Varsity Extra

After 93 years, Idaho baseball team makes history with state’s first World Series title

Kai Howell hoists the championship trophy after the Idaho Falls Bandits beat Fargo, N.D., 5-3 for the American Legion World Series championship.
Kai Howell hoists the championship trophy after the Idaho Falls Bandits beat Fargo, N.D., 5-3 for the American Legion World Series championship. The American Legion

No Idaho baseball team has ever won an American Legion World Series championship — until now.

The Idaho Falls Bandits beat Fargo, N.D., 5-3 in the championship game of the Double-A Legion national tournament Wednesday morning, etching its name into the history books during the 93rd Legion World Series.

“It’s just big to do it for our state,” second baseman Bruer Webster said in a postgame interview with the American Legion. “Nobody believes in Idaho ... But we stuck together and brought it home for our state.”

Idaho Falls (61-6-1) rolled through the national tournament undefeated at 5-0, even surviving a host of rainstorms rolling through Shelby, N.C. Nick Layland’s walk-off infield single in the semifinals Monday put the Bandits in the title game after two days of rain delays. Then more rain forced organizers to postpone Tuesday’s championship after one inning.

The delay cost Idaho Falls its ace pitcher in the championship. Randon Hostert, who was drafted by the Texas Rangers in June and threw two no-hitters in the Northwest regional tournament, had already thrown 32 pitches in one inning Tuesday. A pitch count kept him from pitching again Wednesday.

But that didn’t slow the Bandits, who turned to lefty Andrew Gregersen to shut down Fargo (54-8). The center fielder-turned-pitcher limited Fargo to one run on five hits through six innings before his teammates dogpiled on top of him after the final out.

“It’s unbelievable,” Hostert said. “I’ve been playing with these guys since I was 8 years old. This was never really a goal because it wasn’t ever set in our mind that this was possible for us. Now that it’s here, it’s super surreal and I couldn’t ask for a better way to go out.”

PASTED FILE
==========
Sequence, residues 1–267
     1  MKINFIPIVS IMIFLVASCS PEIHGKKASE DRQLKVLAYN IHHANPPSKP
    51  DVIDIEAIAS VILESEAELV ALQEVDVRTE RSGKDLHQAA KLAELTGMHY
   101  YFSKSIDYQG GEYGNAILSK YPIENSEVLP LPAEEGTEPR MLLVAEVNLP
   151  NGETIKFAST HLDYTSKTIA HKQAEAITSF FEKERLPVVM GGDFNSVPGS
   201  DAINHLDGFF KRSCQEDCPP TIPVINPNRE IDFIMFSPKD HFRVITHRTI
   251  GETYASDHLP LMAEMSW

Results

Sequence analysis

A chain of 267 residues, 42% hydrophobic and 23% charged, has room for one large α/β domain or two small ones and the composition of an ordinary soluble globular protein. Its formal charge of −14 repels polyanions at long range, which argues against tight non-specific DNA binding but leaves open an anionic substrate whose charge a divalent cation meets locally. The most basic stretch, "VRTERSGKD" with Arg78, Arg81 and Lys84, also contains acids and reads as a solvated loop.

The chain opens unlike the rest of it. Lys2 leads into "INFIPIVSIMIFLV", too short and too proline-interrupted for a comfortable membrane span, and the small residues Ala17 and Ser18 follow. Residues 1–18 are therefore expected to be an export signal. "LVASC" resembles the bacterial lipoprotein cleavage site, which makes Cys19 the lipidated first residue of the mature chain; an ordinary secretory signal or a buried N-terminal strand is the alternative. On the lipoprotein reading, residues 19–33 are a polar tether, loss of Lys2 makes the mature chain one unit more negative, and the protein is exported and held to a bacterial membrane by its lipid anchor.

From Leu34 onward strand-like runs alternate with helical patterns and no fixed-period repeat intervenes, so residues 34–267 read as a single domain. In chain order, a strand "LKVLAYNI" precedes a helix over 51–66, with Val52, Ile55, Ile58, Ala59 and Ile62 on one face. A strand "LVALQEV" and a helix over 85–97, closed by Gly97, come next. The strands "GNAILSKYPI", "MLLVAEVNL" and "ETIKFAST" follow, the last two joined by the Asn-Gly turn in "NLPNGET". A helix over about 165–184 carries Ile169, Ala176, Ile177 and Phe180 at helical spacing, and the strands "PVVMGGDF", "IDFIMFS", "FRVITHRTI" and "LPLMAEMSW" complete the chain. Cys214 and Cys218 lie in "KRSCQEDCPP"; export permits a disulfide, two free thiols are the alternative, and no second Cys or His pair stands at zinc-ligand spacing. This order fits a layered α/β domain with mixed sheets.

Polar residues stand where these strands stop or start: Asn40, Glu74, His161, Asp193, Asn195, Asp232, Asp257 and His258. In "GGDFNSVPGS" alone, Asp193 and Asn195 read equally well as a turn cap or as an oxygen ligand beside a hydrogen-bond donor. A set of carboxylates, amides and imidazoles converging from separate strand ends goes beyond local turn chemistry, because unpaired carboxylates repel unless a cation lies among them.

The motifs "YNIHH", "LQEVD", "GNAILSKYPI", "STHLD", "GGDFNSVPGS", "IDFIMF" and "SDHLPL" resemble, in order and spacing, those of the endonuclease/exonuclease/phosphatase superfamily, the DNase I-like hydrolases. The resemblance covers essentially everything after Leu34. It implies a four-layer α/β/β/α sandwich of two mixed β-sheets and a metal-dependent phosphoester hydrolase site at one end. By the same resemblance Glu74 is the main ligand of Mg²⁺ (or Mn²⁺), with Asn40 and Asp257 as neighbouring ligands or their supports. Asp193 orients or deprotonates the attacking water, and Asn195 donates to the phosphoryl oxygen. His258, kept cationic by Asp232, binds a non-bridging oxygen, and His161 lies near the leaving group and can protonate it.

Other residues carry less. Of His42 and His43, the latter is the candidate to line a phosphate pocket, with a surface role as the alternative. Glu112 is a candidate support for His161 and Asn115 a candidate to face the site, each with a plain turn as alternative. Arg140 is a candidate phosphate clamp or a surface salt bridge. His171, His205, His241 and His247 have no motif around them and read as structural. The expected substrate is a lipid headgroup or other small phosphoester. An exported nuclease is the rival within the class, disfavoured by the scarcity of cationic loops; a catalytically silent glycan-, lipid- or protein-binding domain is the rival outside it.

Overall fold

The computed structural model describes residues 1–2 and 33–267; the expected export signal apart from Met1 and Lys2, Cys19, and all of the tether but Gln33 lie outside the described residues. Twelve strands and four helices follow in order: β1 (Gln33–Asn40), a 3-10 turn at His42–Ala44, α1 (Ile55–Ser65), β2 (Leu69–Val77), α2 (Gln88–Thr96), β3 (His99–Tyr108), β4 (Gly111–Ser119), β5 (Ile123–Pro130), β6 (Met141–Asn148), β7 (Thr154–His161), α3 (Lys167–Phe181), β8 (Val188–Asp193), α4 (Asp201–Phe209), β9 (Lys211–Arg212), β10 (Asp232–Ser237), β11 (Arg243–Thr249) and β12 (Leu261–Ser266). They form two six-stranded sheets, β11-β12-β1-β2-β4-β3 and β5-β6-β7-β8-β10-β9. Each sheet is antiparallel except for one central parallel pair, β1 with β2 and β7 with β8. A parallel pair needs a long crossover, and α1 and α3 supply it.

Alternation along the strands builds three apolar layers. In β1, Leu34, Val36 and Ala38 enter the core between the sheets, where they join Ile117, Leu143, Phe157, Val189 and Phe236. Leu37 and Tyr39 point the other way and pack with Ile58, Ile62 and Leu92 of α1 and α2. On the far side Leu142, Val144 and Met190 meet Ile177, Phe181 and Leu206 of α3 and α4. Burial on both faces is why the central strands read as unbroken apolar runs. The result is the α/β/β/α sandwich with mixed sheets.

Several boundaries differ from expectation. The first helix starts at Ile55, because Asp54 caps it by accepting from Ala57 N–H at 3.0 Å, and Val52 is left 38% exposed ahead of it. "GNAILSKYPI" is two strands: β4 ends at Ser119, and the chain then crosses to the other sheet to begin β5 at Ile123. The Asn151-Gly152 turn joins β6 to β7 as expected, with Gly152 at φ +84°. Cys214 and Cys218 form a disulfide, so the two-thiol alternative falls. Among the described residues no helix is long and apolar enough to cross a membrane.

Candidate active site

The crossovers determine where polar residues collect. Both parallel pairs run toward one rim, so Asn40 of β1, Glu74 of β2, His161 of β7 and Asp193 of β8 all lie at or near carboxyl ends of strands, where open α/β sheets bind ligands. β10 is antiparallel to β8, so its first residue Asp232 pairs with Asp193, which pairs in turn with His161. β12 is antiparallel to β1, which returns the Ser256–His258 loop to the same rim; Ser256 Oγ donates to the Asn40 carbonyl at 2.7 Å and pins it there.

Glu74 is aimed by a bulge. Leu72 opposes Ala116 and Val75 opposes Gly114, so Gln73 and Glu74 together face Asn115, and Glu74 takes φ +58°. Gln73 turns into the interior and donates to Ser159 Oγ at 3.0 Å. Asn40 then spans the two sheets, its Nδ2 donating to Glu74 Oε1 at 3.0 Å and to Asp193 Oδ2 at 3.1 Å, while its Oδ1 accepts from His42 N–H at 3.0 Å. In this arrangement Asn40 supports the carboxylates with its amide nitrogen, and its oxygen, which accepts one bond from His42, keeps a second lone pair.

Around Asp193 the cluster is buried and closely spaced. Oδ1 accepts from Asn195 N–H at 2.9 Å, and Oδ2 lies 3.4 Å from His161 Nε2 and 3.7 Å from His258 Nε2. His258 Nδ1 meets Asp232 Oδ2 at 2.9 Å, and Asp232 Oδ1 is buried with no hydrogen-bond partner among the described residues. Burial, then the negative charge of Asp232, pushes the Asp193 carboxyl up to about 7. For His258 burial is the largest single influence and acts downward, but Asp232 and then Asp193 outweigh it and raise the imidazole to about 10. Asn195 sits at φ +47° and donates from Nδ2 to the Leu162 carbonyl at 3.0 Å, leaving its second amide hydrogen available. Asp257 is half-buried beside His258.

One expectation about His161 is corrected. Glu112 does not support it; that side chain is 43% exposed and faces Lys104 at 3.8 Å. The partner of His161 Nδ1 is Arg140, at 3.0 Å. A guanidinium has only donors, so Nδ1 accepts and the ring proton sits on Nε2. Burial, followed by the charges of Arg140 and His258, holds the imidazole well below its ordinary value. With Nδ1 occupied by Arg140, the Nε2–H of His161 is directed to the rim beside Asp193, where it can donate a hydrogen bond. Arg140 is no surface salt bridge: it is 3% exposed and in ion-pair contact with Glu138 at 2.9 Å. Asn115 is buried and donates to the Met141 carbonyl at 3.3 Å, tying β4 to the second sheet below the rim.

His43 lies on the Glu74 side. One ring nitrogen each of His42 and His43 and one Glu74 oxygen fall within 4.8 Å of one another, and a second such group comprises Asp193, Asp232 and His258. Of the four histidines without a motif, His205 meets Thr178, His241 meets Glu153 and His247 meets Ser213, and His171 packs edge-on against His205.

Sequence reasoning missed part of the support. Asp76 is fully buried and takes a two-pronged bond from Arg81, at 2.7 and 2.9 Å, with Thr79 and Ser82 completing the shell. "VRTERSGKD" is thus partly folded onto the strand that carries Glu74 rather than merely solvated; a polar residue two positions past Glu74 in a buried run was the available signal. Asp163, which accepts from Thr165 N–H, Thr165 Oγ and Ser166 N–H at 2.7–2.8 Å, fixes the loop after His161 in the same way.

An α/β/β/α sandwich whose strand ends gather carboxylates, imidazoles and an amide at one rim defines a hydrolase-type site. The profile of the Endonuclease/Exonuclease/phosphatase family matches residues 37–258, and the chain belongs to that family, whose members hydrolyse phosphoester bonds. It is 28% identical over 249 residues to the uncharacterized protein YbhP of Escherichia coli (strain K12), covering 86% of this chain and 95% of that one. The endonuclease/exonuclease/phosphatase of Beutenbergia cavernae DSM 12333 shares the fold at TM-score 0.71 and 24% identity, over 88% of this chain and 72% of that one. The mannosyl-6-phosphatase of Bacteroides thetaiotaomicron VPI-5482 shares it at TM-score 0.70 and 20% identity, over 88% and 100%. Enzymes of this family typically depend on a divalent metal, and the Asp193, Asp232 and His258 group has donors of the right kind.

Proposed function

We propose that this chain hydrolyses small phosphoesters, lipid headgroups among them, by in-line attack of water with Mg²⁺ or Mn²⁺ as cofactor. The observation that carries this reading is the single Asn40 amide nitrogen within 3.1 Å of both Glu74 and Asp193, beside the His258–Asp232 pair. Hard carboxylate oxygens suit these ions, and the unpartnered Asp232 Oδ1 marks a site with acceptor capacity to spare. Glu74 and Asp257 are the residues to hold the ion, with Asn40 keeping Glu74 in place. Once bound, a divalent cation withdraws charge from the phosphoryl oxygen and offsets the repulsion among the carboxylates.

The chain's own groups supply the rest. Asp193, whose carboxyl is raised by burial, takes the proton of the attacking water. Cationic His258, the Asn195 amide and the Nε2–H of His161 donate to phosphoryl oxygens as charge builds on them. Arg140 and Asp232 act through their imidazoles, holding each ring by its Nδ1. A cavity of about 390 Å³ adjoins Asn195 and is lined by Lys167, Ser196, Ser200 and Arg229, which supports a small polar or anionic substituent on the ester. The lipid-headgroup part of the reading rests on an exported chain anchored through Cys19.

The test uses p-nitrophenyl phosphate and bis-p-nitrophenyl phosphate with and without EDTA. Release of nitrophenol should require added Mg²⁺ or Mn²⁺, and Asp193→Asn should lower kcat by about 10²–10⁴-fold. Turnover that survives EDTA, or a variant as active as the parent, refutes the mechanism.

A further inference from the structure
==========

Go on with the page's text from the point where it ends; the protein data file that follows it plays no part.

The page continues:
Legon World Series dogpile.jpg
The Idaho Falls Bandits dog pile on top of pitcher Andrew Gregersen after clinching the first American Legion World Series championship in Idaho history. Ryan Young The American Legion

Fargo jumped out to a 2-0 lead in the top of the first inning. But Idaho Falls wasted no time rallying, pushing three runs across in the bottom of the second inning after Wednesday’s restart, thanks to an RBI single from Alex Cortez and a two-run single from Tavyn Lords.

Gregersen never surrendered the lead the rest of the way.

Idaho Falls is the third straight Idaho team to qualify for the Legion World Series. Mountain View made last year’s tournament and Lewiston qualified in 2017.

The best finish for an Idaho team prior to Wednesday was a pair of second-place finishes from Lewiston in 2001 and Pocatello in 1926, during the first Legion World Series.

Bandits coach Ryan Alexander leads a team of players from all five Idaho Falls high schools. After nearly 15,000 miles of travel this summer, he said the national title proves that high-level baseball is played inside Idaho, despite outside impressions.

“We’ve got great coaches at all levels,” Alexander said in a phone interview with the Idaho Statesman. “Between 3A, 4A, 5A, there are some really good baseball people here. There has been a lot of talent come out of Idaho.

“It legitimizes the work doing they’re doing at Mountain View, at Vallivue and at Capital, or from our side of the state at Bonneville and (Idaho Falls). It legitimizes us to the baseball community than we can coach and play a little bit.”

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Michael Lycklama has covered Idaho high school sports since 2007. He’s won national awards for his work uncovering the stories of the Treasure Valley’s best athletes and investigating behind-the-scenes trends.If you like seeing stories like this, please consider supporting our work with a digital subscription to the Idaho Statesman.
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